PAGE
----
Tuesday, February 19, 2008

Consolation and Affliction

During the weeks of Lent I have been more intentional about my prayer life, using what is called a "daily office" (for those of you unfamiliar with the term, see www.missionstclare.com as an example) to form my times of prayerful contemplation. This morning as I concluded the office I spoke these words: "Blessed be the God and Father of our Lord Jesus Christ, the Father of mercies and the God of all consolation, who consoles us in all our affliction so that we may able to console those who are in any affliction."

These words are recorded in Paul's second letter to the Corinthian church. I have read them many times in the course of my Christian pilgrimage. Usually I read these words as a reminder of my pastoral commission to console others and to be a Christ-like presence to those who find themselves mired in affliction. But today I have the opportunity to see this a different way, to be the one feeling afflicted, needing the consolation of others. I must admit that it is an unnatural and uncomfortable place for me. I prefer to be the one offering consolation, not receiving it.

This morning one of the people who counts the tithes and offerings for the congregation I serve as pastor stopped me and shared a concern. Over the past several weeks he and the other "counter" have noticed that "loose offerings" (typically cash dropped anonymously in the plate) have been substantially lower than our historical pattern. He was raising it as an issue I needed to be aware of, but I instinctively knew who I needed to talk with.

And so, after school today, my wife interrogated our sixteen-year-old son, who admitted that he has been sneaking into the place where the offerings have been kept between services to take the cash out. He, of course, does not know how much money he has stolen over the past weeks (months?) but I suspect it is in the several hundred dollar range. I am, of course, outraged, humiliated and pained. It is one thing to steal from us at home (and he has done this, too), but to steal from the community of faith, the church where his father is the pastor? I console myself with the knowledge that his IQ is 62 (official classification: mentally retarded), but castigate myself for believing that he was somewhat trustworthy and could be allowed to have some freedom while at the church. His days of freedom are now over, and according to our family policy, he will repay double what he has stolen, which will completely wipe out his savings account, in addition to more money he will have to earn.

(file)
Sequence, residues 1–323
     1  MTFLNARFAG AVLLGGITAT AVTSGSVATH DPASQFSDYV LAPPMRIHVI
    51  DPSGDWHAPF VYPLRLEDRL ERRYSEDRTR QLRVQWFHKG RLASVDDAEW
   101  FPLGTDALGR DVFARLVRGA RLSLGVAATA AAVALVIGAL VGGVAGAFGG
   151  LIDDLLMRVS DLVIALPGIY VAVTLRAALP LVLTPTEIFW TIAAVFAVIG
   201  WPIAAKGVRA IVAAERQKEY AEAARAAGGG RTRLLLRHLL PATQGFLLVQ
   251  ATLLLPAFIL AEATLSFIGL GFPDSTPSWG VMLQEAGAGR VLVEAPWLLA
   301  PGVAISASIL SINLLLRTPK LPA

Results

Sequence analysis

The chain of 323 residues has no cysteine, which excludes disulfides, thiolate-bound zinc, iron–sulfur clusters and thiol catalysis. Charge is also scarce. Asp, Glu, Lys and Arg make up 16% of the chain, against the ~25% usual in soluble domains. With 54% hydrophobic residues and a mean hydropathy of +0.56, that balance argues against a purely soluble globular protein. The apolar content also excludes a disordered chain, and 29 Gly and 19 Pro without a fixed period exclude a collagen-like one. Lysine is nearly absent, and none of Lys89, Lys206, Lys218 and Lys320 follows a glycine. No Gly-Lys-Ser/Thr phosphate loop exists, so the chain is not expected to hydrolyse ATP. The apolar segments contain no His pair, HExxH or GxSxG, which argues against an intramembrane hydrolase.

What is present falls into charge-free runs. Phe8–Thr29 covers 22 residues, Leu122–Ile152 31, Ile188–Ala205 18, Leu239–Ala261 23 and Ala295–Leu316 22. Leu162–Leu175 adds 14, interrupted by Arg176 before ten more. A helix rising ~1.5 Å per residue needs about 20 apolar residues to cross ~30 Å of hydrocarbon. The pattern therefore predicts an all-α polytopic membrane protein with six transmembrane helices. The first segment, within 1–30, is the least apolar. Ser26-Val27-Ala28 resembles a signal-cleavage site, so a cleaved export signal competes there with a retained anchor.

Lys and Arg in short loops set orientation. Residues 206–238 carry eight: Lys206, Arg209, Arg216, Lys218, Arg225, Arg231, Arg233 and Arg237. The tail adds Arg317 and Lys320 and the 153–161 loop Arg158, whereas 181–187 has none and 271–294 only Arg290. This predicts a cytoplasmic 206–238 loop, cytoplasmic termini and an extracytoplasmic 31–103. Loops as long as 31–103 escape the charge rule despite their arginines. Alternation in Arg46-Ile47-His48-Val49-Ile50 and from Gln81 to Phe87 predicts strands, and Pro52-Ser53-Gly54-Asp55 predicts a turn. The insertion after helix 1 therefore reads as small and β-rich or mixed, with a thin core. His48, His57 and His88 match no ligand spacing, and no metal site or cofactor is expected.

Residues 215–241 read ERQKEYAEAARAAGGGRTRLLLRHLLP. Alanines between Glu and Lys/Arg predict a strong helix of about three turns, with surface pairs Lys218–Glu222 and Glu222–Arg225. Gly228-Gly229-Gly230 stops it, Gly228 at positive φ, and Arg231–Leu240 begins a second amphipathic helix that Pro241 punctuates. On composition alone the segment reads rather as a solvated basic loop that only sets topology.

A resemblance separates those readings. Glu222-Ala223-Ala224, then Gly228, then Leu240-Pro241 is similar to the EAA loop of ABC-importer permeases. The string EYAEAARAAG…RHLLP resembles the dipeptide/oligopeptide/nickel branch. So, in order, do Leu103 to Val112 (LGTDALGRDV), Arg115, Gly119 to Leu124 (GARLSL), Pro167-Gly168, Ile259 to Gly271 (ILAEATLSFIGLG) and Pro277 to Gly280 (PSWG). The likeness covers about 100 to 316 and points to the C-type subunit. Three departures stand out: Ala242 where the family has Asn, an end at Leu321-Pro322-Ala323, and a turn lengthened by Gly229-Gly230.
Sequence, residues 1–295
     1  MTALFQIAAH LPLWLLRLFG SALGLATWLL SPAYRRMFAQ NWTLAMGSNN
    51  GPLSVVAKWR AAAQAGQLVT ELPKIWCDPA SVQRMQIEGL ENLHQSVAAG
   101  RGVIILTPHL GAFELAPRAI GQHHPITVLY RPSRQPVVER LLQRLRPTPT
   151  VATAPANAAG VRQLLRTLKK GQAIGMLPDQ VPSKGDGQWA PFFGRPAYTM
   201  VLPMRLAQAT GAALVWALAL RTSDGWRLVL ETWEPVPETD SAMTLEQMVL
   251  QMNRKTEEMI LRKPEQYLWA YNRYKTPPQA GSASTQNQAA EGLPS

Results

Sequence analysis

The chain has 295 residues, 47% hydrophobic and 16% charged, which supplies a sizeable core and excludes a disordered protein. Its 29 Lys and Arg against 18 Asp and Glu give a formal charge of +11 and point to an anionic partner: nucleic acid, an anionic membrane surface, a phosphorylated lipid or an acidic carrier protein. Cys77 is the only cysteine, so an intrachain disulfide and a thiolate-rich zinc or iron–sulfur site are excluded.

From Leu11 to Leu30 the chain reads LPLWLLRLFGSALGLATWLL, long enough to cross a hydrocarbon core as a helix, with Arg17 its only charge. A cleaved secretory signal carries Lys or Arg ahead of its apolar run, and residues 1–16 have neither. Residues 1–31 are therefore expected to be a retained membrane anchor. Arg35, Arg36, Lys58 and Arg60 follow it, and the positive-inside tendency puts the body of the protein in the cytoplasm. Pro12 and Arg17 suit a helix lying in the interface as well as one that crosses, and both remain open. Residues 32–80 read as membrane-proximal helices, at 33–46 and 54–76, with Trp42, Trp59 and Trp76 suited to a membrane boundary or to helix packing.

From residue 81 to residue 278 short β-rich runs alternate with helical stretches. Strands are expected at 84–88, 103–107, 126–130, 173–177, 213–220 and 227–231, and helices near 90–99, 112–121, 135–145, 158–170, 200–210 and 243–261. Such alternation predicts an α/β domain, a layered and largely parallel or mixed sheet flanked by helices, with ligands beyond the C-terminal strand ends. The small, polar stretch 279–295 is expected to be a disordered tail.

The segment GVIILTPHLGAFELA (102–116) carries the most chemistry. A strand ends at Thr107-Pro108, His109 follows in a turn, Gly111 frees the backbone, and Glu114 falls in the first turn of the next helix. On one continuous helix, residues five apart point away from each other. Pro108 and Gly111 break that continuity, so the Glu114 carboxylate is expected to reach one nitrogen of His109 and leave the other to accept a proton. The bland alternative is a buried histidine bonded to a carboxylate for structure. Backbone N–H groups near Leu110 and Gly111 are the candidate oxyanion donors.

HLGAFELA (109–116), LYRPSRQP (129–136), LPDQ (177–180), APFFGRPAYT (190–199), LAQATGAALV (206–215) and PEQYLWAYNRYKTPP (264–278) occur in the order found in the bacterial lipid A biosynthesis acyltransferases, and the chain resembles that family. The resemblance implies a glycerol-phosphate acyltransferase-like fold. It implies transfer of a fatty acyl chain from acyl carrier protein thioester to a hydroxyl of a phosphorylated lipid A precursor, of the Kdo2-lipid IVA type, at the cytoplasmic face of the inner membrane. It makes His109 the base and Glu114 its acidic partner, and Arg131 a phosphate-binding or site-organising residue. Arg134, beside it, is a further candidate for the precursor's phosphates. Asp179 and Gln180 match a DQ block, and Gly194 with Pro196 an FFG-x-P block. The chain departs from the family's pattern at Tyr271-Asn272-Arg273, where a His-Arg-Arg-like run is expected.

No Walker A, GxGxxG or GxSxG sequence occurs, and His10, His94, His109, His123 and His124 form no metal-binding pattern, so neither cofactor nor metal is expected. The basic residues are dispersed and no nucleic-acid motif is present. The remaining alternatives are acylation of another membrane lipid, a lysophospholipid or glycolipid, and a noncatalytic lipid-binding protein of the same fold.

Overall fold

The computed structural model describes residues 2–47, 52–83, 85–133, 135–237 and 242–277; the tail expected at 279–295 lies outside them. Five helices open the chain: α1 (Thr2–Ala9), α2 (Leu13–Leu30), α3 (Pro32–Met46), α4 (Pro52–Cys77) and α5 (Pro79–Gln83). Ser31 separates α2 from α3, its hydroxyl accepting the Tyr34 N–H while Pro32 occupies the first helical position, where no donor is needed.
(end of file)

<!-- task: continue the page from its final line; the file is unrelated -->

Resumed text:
That was the first blow. The second began last week but was confirmed this afternoon.

Our church was broken into last Thursday night. A window smashed, an office door compromised, a church safe taken away in a stolen vehicle. As soon as I heard the details, again I knew in my gut who was responsible. Sure enough, this afternoon I received a telephone call from law enforcement asking if I knew the whereabouts of our eighteen-year-old son Mike. Since Mike has not lived with us for over two months (and seldom before that time), and since we have been forced to obtain a harassment order against him for his obscene and threatening phone calls, we do not know where Mike is. One person has already been arrested in this case, and Mike will be the second when he is found. Tomorrow he is scheduled to be in court on one of several felony charges, so perhaps he will show up and be taken into custody once again.

I am feeling the weight of affliction tonight. It is one thing to be afflicted for those things I have brought upon myself. They are unpleasant, but the consequences are deserved. It is harder when the affliction comes from a source not of your own, but yet as a result of choices you have made. I cannot help but wonder how our choice to adopt older kids looks to others in the community and in the church. I mean, it's one thing to have kids who are obnoxious at home or violate parents in their own home, but when it stems to a sacred place like the church -- especially when their father is the pastor -- it's a little much to bear.

I worry, of course, that my credibility has been broached, that my spiritual authority has been compromised, that my word means less when it is my own children violating God's "space." And tonight I am not the one offering consolation to oone who is afflicted, but I am the one afflicted who needs consolation.

What an ironic twist, indeed.

2 comments:

yolie said...

Mr. Bart,
I am so sorry. You guys are in my prayers.

Becky said...

I'd rather see a sermon than hear one any day; I'd rather one should walk with me than merely tell the way.
-Edgar Guest, poet (1881-1959)

You're walking with many, though you may never know exactly who.